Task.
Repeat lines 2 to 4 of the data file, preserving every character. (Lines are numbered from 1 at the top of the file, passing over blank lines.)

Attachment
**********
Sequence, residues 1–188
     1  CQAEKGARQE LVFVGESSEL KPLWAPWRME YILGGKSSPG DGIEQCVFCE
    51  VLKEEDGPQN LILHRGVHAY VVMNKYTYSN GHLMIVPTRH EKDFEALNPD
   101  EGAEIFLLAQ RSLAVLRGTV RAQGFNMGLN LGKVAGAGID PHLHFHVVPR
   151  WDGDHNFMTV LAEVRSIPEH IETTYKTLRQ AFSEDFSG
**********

     1  CQAEKGARQE LVFVGESSEL KPLWAPWRME YILGGKSSPG DGIEQCVFCE
    51  VLKEEDGPQN LILHRGVHAY VVMNKYTYSN GHLMIVPTRH EKDFEALNPD
   101  EGAEIFLLAQ RSLAVLRGTV RAQGFNMGLN LGKVAGAGID PHLHFHVVPR